Not stopping there, Pope Nicholas also wrote to the Eastern Patriarchs of ALEXANDRIA, ANTIOCH, AND JERUSALEM, commanding them to make known to their faithful the decisions of the Apostolic See of Rome. The supremacy of Peter has, in fact, been held by the Latins (Roman Catholics) from 860 UNTIL THE PRESENT. The Pope (Nicholas 1st) ordered that Patriarch Photios and Ignatius be sent to Rome TO BE JUDGED BY HIM. The Eastern Church was greatly insulted by this unheard-of action. In spite of this, Saint Photios, showing true love, never gave way to wrath. He considered that silence would be the practical way to maintain unity between East and West. Any further communication would have been pointless. The Emperor also terminated further contact with the Pope.
The Eastern Churches simply viewed the Bishop of Rome AS ONE AMONG MANY EQUALS. Nevertheless, without any authority, Pope Nicholas PRONOUNCED AN ANATHEMA AGAINST PHOTIOS, in a Council which he held in Rome, in early 863. Pope Nicholas was mistaken to presume upon this authority. In fact, the very Synods to which Nicholas appealed had ordained that a bishop should only be tried and condemned by the brethren of his Province. The Synods DID NOT GRANT ANY MORE AUTHORITY TO THE BISHOP OF ROME THAN TO THE OTHERS. Patriarch Photios, who was well-versed in the ancient Canons, viewed the excommunication of Pope Nicholas as null. Therefore, he continued zealously the discharge of his Episcopal duties.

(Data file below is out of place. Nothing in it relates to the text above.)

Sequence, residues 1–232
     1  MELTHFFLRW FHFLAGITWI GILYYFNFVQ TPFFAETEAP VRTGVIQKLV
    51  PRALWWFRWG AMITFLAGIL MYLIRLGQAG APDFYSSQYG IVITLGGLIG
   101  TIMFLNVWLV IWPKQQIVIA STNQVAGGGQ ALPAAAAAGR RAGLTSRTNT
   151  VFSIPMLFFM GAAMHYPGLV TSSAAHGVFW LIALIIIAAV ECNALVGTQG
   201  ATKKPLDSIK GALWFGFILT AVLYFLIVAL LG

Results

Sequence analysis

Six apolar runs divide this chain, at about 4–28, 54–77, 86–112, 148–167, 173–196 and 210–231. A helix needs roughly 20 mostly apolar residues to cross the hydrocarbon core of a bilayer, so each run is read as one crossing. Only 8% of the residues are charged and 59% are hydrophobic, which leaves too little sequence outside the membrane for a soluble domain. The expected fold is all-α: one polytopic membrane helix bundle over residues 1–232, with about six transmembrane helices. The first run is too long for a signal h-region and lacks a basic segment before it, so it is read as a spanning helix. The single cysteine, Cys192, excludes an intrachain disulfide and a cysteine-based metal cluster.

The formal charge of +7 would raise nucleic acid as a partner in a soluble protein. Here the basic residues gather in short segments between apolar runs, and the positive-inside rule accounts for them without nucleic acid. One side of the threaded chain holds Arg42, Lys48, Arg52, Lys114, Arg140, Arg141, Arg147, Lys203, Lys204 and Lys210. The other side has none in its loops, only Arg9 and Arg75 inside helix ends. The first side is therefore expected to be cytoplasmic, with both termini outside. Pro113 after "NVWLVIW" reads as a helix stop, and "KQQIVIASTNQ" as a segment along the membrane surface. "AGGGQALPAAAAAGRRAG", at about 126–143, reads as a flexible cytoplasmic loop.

The conflict between Rome and Constantinople reached a climax. Patriarch Photios championed not only THE AUTONOMY OF THE BYZANTINE CHURCH but also the most vital interest of the Empire. Emperor Michale III afforded him full support. Michael sent the Pope a letter that declared Byzantine belief in their own independence and supremacy. He also demanded, in the form of an ultimatum, that the Papal decision against Photios be withdrawn. He also wrote, with cutting acrimony, that the Byzantines rejected Rome’s claim to supremacy. IN THE CHURCH OF CHRIST, THE HEAD IS OUR LORD JESUS CHRIST. IT IS HE WHO GOVERNS HIS CHURCH BY THE HOLY SPIRIT, THROUGH HIS RIGHTEOUS ONES, AND THROUGH THE SYNODS.
As a result of Patriarch Photios’ circular letter among the Oriental Patriarchates, in the summer of 867, a Great Ecumenical Synod was convened, comprising about 1,000 bishops, clerics, and monks. Among those in attendance, there were three bishops of the Latins West. Many were the good causes for the Synod to excommunicate Pope Nicholas Ist and condemn Rome’s ecclesiastical customs; the Pope’s claims for primacy, his insulting actions against the Eastern Church, Papal invasion into Buglaria, heretical teachings of Frankish missionaries sent by him, and the innovative addition of the Filioque.
At the Synod, the letters of Pope Nicholas were read, and, by a UNANIMOUS VOTE, he was held unworthy of the Episcopate. The sentence against Pope Nicholas was AN EXCOMMUNICATION, but not a deposition. Though Nicholas’ condemnation of Photios in 863 was unjust, yet the judgment of this Synod WAS CANONICAL. Any Church has a right to separate herself from the communion of those THAT SHE DEEMS GUILTY, NO LONGER CONSIDERING THEM BISHOPS. This Synod also REJECTED THE FRANKISH DOCTRINE OF THE PROCESSION OF THE HOLY SPIRIT AS HERETICAL. The Synod also pronounced Latin interference in the affairs of the Byzantine Church as unlawful.
Having tended the Church of Christ in holiness and in an evangelical manner, and with fervent zeal having rooted out all the tares of every alien teaching, he departed to the Lord in the Monastery of the Armenians on February 6, 891.
"Glory Be To GOD
– Saint John Chrysostomoa
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With sincere agape in His Holy Diakonia (Ministry),
The sinner and unworthy servant of God